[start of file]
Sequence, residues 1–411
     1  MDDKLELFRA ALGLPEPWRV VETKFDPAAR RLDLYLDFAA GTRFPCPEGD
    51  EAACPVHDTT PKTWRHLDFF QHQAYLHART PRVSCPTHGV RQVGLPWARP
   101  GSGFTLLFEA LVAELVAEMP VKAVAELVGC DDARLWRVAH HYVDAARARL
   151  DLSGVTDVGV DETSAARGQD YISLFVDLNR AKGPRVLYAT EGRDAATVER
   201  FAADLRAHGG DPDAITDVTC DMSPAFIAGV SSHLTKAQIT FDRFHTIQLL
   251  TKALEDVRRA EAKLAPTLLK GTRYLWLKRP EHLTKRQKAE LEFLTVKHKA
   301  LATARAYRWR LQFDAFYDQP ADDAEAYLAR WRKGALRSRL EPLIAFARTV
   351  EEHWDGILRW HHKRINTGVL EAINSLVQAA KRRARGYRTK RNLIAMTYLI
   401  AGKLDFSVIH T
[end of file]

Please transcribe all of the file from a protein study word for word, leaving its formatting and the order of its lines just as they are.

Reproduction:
Sequence, residues 1–411
     1  MDDKLELFRA ALGLPEPWRV VETKFDPAAR RLDLYLDFAA GTRFPCPEGD
    51  EAACPVHDTT PKTWRHLDFF QHQAYLHART PRVSCPTHGV RQVGLPWARP
   101  GSGFTLLFEA LVAELVAEMP VKAVAELVGC DDARLWRVAH HYVDAARARL
   151  DLSGVTDVGV DETSAARGQD YISLFVDLNR AKGPRVLYAT EGRDAATVER
   201  FAADLRAHGG DPDAITDVTC DMSPAFIAGV SSHLTKAQIT FDRFHTIQLL
   251  TKALEDVRRA EAKLAPTLLK GTRYLWLKRP EHLTKRQKAE LEFLTVKHKA
   301  LATARAYRWR LQFDAFYDQP ADDAEAYLAR WRKGALRSRL EPLIAFARTV
   351  EEHWDGILRW HHKRINTGVL EAINSLVQAA KRRARGYRTK RNLIAMTYLI
   401  AGKLDFSVIH T